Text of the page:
Thursday, June 22, 2017

Not a Scientist: How Politicians Mistake, Misrepresent, and Utterly Mangle Science by Dave Levitan [Book Review]

Today's book review is of Dave Levitan's Not a Scientist: How Politicians Mistake, Misrepresent, and Utterly Mangle Science, published in April 2017. 

I tag this is an important book that everyone should read, while recognizing that the people who need it most will refuse to do so. The main title is derived from the oft-heard refrain from Republican politicians in the year or so leading up to the recent presidential campaign: "I am not a scientist." Invariably this meaningless throwaway line was followed by some statement that was both false and already refuted by the science.

Each chapter of the book introduces one of a series of what the author calls mistakes, misrepresentations, and errors. [I would call them tactics] They include the "oversimplification," "cherry-pick," "butter-up and cut," "demonizer," "blame the blogger," and so forth. Some of these will sound familiar and others not, but all are common tactics used by politicians to mislead the public and give cover for fellow science-denier legislators. The examples he uses will be recognizable by most people who watch or read the news.

The "oversimplification," for example, is done by boiling down a complicated science into a simple statement that appears to be true and definitive (though is likely to be neither). The example he gives is when several Republican politicians argued "the scientific evidence is clear" that unborn babies at 20 weeks feel pain. In fact, there is essentially no scientific evidence supporting this argument (and much evidence to refute it), but by stating something as settled fact that isn't settled fact they are able to push their anti-abortion agenda.

On the flip-side of this is the "certain uncertainty" tactic. Republican politicians often claim that since we don't every single detail of man-made climate change (e.g., how many feet the seas will rise by 2030 or the temperature by 2050) then we should not take action. Politicians who don't want to take action on climate change demand absolute certainty to avoid responsibility; politicians who do want to take action to block funding for women's reproductive choices claim as certainty conclusions that are in no way certain. In both cases, politicians are selectively choosing a tactic that misrepresents the science for their political gain.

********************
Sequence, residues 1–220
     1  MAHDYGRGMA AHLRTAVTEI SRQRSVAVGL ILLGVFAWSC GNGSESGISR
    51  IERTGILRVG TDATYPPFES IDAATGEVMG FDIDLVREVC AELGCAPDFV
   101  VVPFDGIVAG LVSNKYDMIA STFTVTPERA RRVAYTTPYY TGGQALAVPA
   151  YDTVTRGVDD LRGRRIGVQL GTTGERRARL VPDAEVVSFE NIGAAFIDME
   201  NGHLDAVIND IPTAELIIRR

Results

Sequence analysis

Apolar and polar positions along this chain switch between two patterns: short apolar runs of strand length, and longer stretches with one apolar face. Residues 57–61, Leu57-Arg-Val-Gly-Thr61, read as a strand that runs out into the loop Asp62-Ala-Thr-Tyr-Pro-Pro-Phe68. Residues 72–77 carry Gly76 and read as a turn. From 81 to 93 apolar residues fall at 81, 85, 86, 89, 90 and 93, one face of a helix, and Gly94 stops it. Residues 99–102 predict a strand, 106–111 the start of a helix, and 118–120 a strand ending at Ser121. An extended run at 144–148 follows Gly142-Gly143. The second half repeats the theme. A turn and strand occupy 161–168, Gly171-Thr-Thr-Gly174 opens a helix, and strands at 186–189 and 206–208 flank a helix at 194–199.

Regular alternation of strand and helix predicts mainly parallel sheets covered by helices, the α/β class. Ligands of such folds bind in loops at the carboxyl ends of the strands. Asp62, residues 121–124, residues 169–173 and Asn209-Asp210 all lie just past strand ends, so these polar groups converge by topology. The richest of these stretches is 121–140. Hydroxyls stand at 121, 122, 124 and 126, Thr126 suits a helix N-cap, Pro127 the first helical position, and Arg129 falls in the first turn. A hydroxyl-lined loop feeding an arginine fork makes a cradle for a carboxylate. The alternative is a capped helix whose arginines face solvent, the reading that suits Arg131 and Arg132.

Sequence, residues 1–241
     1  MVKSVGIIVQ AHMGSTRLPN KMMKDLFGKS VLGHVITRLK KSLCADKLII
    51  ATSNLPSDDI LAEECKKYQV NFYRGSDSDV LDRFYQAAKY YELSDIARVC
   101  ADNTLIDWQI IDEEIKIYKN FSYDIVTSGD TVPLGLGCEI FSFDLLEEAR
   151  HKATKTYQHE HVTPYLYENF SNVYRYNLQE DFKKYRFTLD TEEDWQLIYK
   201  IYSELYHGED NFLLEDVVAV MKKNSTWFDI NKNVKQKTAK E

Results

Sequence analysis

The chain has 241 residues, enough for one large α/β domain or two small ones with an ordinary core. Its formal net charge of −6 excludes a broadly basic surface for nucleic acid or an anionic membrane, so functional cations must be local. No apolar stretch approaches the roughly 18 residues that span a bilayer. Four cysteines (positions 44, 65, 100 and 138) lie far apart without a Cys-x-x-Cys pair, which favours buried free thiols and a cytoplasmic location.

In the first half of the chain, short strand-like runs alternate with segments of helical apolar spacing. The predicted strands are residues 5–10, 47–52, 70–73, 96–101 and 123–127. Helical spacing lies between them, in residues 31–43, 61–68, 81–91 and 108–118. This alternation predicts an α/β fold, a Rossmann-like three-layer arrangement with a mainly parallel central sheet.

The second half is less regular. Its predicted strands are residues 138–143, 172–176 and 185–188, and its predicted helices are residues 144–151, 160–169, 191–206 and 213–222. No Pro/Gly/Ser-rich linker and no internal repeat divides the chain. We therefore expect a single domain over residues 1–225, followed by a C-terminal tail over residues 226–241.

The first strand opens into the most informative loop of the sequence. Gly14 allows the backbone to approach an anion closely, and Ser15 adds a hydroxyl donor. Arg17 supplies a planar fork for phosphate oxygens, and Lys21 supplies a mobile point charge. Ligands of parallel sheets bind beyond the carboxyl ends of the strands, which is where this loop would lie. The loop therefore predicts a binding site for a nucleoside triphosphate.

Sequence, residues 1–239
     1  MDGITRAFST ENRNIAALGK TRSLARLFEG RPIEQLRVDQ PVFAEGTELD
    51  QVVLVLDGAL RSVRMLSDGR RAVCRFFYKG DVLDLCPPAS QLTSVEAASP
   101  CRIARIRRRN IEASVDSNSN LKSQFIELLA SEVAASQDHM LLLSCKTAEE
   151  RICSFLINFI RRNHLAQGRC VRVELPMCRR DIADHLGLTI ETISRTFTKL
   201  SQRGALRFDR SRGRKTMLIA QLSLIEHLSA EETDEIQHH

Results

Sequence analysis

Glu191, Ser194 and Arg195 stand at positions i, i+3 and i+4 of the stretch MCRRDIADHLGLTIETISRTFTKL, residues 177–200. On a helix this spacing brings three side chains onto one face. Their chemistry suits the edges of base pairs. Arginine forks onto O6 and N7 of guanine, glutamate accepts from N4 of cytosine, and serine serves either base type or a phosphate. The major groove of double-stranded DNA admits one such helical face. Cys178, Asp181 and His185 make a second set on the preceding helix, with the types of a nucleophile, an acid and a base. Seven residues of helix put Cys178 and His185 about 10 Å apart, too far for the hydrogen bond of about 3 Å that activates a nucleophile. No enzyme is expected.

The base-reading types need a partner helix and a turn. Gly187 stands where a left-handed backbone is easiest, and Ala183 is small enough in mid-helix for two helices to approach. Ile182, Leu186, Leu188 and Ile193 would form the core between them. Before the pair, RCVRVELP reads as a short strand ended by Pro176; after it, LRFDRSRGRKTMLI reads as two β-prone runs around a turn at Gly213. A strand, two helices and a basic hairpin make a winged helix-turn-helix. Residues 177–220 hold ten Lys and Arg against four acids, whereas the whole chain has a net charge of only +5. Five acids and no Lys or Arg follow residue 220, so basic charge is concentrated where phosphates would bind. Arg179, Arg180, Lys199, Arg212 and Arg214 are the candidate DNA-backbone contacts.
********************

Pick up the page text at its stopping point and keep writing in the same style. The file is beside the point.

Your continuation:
There are two aspects of the book that I believe keep it from reaching the entirety of its potential. First, the format of each chapter is to introduce examples from politicians mouths to illustrate the tactic being discussed. This is a good start, but then Levitan spends considerable time documenting the research that debunks that particular politician's statement. I agree that explaining the reality is necessary to show the fallacies, faults, and fallaciousness of the statements, but in my opinion these discussions go on way too long. The author is a respected journalist and does an excellent job digging out the background behind the statements, but I wish he had covered the material more concisely so that he could provide more examples and more insights into how to recognize these tactics. No casual viewer or listener of these political statements is going to do investigative reporting to know that the statements are false. The public needs to be able to recognize in real time when politicians are misleading them.

The second aspect is that Levitan works hard to avoid calling a lie a lie. Many of the tactics he describes as errors and misrepresentations are intentional. The carefully constructed "literal nitpick" of James Inhofe, for example, is done intentionally to misinform the public so that they won't call him out on the science denial that negatively impacts his constituents (but greatly helps his campaign donors, and future donations to his coffers).

[See this article on The Dake Page for more discussion of this James Inhofe example]

Considering the critiques above, I think the book falls short of what it potentially could have accomplished. That aside, I also highly recommend that everyone read it. The tactics that Levitan discusses are used repeatedly by politicians - mostly, but not exclusively, Republicans - and the general public MUST be aware of how science deniers intentionally misrepresent the science. Why the capital letters "MUST?" Because denial of science, and the resulting abdication of responsibility to take policy action to address it, endangers each and every American (not to mention everyone else on Earth, and Earth itself).